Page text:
The cold washing process is a technique that you need to learn, especially if you wash your own fabric items. Some of you might think that it’s as easy as throwing your clothes, sheets, pillowcases, and more in the washer or wash them with your hands. However, there are many things to consider to ensure your items become clean when using a cold wash.
Cold Washing - Machine Wash Cold
You’ll find that most washing machines nowadays come with different temperature settings because different fabric types require specific water temperatures.
Cold washing water is considered the default and safest setting for items you’re unsure of their specific temperature requirement.
All clothes come with care labels with laundry symbols that you always need to check and follow. Here are the symbols for cold washing that you might find on your garment tags.
Tap Cold vs Cold Wash
Let’s learn more about laundering clothes using cold washing by differentiating cold tap water and a cold cycle.
- Tap water cold refers to the exact temperature of the water that comes out of your faucet or the hose attached to it. It will depend on many factors, such as the weather outside, so the temperature fluctuates.
- Cold water cycle in your washer has an adjusted temperature based on the level you set your washer to. That means the washer automatically adds water if the water introduced is lower or hotter than how you want it to be. Thus, you’ll find that most manufacturers use the term cool water instead of cold.
Cold Wash Temperature
Most washers will have a cold temperature setting ranging from 60 to 80 degrees Fahrenheit or 15 to 26.7 degrees Celsius. Anything below the minimum won’t clean your fabric items properly, while anything higher might destroy materials sensitive to warm or hot water.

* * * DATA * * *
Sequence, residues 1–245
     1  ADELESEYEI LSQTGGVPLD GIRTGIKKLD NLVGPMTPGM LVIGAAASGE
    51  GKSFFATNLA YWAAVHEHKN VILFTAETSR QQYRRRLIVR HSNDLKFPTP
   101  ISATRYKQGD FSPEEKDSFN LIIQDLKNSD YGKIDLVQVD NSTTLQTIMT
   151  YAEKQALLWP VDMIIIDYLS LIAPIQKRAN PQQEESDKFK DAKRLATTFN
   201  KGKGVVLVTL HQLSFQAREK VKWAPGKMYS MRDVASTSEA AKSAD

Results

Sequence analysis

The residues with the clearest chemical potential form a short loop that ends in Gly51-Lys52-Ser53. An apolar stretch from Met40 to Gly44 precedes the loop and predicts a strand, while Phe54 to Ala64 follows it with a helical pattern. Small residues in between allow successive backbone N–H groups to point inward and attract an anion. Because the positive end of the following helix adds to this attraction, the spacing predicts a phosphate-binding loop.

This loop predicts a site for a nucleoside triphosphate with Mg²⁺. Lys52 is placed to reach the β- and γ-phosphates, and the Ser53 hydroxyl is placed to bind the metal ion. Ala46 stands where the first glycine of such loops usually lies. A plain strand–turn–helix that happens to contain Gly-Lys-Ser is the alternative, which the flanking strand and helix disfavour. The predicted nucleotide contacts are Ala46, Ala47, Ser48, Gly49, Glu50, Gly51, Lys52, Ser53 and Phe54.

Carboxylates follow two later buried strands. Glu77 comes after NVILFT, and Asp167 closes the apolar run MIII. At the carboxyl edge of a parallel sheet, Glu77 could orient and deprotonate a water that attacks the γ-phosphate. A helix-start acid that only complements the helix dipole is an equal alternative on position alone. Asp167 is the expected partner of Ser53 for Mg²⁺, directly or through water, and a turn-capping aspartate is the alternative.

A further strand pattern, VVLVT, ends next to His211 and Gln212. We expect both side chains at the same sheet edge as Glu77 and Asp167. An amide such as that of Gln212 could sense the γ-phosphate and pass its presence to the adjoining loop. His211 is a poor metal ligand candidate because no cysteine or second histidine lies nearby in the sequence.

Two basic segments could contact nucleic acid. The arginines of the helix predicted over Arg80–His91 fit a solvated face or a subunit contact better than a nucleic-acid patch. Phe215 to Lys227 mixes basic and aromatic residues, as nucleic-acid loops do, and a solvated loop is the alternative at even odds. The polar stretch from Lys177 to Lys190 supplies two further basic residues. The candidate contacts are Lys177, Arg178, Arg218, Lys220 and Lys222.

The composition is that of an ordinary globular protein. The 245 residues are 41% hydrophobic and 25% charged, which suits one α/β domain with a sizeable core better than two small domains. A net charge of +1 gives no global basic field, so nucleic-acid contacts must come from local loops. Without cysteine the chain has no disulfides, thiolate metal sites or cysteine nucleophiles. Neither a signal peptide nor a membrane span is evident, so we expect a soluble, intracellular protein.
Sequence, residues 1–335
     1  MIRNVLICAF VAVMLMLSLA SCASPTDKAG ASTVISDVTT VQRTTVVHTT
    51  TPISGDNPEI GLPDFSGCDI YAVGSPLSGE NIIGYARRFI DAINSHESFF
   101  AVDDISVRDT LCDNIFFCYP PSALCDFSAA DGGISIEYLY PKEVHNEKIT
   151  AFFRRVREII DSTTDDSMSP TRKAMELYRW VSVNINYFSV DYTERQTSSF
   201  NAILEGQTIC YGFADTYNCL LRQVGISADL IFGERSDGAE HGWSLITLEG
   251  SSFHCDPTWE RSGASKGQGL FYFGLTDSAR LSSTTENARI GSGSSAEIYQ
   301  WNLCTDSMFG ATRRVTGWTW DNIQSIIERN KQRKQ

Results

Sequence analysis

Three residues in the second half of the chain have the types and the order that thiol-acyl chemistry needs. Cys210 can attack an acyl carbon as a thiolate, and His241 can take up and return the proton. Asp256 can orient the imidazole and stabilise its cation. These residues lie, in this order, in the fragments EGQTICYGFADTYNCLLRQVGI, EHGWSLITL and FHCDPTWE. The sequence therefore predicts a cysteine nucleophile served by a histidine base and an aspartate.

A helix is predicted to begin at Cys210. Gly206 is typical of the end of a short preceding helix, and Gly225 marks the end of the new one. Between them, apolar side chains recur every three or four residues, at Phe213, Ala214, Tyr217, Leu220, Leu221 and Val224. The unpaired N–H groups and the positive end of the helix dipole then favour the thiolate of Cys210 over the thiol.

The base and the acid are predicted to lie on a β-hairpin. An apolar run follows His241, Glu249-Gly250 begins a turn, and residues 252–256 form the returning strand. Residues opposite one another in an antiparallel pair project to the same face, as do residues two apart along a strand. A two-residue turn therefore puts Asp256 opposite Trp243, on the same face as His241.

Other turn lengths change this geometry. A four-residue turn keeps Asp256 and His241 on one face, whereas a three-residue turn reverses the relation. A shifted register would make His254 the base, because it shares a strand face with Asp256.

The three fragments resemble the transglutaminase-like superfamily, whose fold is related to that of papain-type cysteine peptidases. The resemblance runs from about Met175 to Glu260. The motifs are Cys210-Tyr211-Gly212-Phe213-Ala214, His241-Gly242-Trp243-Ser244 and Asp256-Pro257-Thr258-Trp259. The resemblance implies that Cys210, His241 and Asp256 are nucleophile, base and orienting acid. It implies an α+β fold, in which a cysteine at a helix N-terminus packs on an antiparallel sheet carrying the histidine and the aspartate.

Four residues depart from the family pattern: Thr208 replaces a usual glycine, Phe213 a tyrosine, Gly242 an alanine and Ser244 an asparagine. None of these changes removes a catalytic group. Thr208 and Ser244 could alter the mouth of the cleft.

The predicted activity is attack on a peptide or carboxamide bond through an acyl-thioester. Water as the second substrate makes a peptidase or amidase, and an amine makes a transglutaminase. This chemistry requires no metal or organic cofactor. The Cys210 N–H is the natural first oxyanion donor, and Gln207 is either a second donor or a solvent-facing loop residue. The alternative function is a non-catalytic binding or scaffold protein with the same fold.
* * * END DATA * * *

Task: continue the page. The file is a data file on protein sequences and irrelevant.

Experts suggest that you use the lowest temperature when cold-washing your fabrics if you’re unsure of their exact temperature requirement. This way, you won’t damage any items just because of a five-degree difference in its recommended temperature level.
When and When Not to Use Cold Washing
Setting your machine to cold is ideal in most situations, however there are specific circumstances when you can’t cold-wash your fabric-made items. Again, this is considering that you don’t know the exact temperature requirement of the items you’re about to wash.
So, let’s discuss suggested situations when you can and can't use cold water.
When to Use Cold Washing or Washing Machine Cold
Setting your machine to a cold washing cycle is best when you’re washing:
- Most Delicate Fabrics - Most delicate fabrics, such as lace, wool, linens and silk require cold-cycle water for washing. Warm and hot water can cause permanent wrinkling that can make the fibers weaken.
- Colored Items - Compared to hot water, cold water prevents colors from fading, ensuring your fabric’s shade and brightness remain longer. Thus, it’s perfect for your light and dark-colored items.
- Lightly Soiled Items - It's best to wash the clothes you wear daily or on special occasions with cold water. That’s because they don’t have too much odor or dirt that might require a higher temperature for removal.
- Protein-Based Stains - Unlike hot water, cold water won’t let the stain set in. Cold washing is best for sweat, blood, makeup, and grass stains. If the fabric you’re about to wash requires warm or hot water, you must pre-treat the stain or run it on a quick cold-wash cycle first.
Does Cold Water Shrink Clothes?
The cold washing technique is also best when you want to prevent shrinkage.
Have you noticed your clothes shrinking when you always use the dryer? That’s because of the heat. So, for items that you want to retain their shape, such as your gym clothes, cold washing is an excellent choice. Just keep in mind that you need to soak them first before washing to ensure you remove sweat odor.
When Not to Do Cold Washing
At times, cold washing just won’t work, such as in the following situations:
- Washing Stronger Fabrics - You can clean some of the more durable fabrics better when you use warm or hot water. That includes nylon, spandex, rayon, and polyester.
- Sanitizing Used Fabrics - Most microorganisms can survive the cold washing water temperature, so it’s best to use warm or hot water when you need to sanitize your fabrics. A great example is when you or someone in your family is sick. The warm or hot water can help kill whatever germs or microbes are lurking in their beddings or clothes.
- Cleaning Too Soiled Items - Water with a higher temperature can speed up chemical reactions, so when the detergent mixes with it, its cleaning power gets enhanced. Warm or hot water can also penetrate fibers faster and deeper than cold water.